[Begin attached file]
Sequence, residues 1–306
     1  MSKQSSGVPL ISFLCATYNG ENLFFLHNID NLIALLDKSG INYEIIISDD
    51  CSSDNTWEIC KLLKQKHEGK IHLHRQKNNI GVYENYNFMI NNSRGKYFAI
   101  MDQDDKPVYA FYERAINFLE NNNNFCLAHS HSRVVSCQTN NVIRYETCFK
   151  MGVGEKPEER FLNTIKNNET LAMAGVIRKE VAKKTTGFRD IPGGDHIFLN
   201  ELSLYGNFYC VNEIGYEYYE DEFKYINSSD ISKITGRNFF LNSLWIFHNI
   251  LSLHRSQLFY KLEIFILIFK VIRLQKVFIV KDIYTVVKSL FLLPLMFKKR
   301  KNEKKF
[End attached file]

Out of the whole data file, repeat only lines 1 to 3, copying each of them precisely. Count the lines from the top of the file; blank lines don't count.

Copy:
Sequence, residues 1–306
     1  MSKQSSGVPL ISFLCATYNG ENLFFLHNID NLIALLDKSG INYEIIISDD
    51  CSSDNTWEIC KLLKQKHEGK IHLHRQKNNI GVYENYNFMI NNSRGKYFAI